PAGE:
Gender and sexuality are fundamentally queer formations, particularly when they intersect with adolescence: a state of being that also resists discourses of “normality.” In this seminar, we discuss the various ways young adult literature in the late twentieth- and early twenty-first century U.S. participates in constructing and queering categories like “feminine” and “masculine,” “female” and “male.” We also examine the literary constructions of sex and sexuality, reading texts that depict LGBTQ identities, bodies, and desire between teenagers. By looking closely at these books, exploring their social contexts, and reading scholarship that uses feminist and queer theory, students in this course discover that literary representations of gender, sexuality, and adolescence both reflect and shape sociocultural perceptions and performances of these categories.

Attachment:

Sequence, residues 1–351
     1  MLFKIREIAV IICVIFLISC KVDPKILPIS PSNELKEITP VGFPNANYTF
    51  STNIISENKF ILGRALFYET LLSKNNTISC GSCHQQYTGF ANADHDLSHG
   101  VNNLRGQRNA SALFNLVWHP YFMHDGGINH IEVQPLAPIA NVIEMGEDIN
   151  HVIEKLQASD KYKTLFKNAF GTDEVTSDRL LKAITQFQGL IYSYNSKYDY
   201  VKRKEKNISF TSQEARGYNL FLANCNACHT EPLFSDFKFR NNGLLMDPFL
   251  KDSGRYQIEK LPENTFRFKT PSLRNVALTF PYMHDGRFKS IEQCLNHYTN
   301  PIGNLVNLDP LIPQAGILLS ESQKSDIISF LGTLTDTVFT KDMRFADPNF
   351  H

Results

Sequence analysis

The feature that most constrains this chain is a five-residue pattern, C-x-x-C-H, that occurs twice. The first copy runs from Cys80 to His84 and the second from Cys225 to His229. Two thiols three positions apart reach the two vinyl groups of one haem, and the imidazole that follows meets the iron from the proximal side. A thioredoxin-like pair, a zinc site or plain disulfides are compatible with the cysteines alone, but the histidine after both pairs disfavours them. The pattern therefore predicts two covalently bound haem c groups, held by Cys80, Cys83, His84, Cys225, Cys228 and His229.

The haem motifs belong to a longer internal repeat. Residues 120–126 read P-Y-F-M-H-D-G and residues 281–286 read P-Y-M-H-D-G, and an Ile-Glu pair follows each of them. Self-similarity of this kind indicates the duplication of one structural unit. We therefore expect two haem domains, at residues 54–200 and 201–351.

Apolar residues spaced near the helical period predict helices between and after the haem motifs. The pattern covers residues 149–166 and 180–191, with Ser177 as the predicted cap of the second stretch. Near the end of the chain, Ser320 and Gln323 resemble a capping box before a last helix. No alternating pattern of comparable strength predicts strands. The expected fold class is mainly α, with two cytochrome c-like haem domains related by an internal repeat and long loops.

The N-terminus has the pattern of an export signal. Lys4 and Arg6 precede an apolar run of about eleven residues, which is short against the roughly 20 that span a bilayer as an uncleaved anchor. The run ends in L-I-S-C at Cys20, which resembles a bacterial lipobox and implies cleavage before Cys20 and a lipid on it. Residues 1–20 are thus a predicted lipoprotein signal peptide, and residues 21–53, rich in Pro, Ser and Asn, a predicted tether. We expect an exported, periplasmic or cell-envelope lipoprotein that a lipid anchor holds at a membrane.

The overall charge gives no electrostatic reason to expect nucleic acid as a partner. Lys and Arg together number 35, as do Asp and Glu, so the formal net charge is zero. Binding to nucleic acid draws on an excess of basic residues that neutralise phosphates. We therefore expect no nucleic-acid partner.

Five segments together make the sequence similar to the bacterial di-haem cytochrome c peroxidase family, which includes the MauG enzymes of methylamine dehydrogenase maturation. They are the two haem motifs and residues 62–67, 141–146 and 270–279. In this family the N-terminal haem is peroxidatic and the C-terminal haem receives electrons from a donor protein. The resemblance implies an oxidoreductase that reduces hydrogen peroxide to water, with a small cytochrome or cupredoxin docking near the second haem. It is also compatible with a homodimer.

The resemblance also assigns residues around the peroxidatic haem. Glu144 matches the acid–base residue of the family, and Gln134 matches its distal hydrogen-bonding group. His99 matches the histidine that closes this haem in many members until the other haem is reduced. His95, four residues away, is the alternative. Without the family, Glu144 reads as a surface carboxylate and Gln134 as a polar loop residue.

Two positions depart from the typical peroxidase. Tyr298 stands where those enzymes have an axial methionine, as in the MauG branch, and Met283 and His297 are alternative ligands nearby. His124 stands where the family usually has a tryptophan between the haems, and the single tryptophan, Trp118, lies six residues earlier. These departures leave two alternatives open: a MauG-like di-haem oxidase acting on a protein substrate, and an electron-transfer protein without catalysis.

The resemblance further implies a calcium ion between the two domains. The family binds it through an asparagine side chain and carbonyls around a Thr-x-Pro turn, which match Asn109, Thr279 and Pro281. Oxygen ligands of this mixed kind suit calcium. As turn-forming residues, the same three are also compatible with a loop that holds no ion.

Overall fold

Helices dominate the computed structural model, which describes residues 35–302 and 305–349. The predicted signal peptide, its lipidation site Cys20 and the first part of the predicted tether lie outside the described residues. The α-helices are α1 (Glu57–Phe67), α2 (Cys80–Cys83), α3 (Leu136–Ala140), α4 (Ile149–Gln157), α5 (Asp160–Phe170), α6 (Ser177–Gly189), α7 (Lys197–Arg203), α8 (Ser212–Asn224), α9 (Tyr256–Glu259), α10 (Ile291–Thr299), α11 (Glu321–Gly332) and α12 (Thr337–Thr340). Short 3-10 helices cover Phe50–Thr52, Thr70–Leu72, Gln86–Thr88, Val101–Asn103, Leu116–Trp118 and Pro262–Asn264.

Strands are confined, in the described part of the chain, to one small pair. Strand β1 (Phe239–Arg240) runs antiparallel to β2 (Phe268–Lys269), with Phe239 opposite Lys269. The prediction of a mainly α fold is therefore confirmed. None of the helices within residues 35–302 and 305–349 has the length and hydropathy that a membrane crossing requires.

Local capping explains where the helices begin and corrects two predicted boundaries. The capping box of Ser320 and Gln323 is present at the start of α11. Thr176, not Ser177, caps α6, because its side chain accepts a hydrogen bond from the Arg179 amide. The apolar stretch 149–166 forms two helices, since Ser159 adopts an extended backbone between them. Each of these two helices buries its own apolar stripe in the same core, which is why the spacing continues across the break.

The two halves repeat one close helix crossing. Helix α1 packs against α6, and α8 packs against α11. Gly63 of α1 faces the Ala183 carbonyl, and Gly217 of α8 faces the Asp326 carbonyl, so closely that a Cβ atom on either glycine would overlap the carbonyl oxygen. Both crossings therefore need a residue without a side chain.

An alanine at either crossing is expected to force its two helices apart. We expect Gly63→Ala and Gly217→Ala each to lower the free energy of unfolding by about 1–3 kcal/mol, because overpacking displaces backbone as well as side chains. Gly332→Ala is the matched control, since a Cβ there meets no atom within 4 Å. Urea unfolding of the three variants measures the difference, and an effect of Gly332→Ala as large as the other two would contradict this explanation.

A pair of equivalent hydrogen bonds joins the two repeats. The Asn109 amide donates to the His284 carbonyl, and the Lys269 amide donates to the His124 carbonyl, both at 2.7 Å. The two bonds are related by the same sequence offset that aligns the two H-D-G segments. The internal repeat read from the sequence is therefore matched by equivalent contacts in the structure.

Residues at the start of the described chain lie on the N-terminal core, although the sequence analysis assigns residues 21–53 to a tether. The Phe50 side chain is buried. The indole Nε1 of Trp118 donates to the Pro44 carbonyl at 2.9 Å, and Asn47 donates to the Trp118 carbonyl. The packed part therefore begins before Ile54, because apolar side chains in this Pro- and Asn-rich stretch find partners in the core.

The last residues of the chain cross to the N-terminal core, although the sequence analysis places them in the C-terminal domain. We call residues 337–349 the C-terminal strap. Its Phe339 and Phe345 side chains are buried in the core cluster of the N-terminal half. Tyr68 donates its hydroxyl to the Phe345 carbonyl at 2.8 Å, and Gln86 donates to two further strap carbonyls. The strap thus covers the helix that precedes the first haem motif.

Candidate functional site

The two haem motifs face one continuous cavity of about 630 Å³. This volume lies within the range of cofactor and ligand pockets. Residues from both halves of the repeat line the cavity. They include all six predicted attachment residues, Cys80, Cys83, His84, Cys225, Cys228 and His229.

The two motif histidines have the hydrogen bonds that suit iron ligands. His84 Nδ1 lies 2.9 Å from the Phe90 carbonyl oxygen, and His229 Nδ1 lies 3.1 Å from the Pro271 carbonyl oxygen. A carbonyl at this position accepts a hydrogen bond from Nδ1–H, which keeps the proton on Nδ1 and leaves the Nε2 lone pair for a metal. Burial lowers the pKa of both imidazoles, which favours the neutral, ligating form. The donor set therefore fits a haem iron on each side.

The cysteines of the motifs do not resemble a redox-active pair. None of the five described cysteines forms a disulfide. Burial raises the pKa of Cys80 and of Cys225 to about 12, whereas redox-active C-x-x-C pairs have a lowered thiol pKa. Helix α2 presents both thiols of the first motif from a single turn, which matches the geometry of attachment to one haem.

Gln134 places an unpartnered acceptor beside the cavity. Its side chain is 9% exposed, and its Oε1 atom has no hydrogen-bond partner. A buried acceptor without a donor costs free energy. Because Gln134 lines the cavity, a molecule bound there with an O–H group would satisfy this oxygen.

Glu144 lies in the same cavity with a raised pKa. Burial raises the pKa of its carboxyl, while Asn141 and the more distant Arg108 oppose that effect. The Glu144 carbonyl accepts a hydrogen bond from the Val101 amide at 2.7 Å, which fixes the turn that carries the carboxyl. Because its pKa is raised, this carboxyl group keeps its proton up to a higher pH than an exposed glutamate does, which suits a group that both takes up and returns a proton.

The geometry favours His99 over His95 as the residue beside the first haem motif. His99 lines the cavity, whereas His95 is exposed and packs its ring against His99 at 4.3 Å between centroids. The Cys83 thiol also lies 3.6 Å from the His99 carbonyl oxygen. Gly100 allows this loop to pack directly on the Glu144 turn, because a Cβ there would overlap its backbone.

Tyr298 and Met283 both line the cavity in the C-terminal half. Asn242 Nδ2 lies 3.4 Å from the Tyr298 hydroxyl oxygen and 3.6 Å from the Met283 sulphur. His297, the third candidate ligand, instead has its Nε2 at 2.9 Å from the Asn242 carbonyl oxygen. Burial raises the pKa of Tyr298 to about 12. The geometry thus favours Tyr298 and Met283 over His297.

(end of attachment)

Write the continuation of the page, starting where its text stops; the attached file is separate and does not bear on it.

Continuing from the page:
Some questions we consider include the following:
How do we define the term “queer”?
How are gender and sexuality separate categories; and despite their separateness, in what ways do these categories inform one another?
What do depictions of queer teens in YA literature tell us about adult anxieties?
Why might it be important to consider the ways race and class affect narratives that foreground queerness?
John Donovan, I’ll Get There. It Better Be Worth the Trip.
Anna-Marie McLemore, When the Moon Was Ours
Meredith Russo, If I Was Your Girl
Adam Silvera, More Happy Than Not
April Sinclair, Coffee Will Make You Black
Andrew Smith, Grasshopper Jungle
Mariko Tamaki and Jillian Tamaki, Skim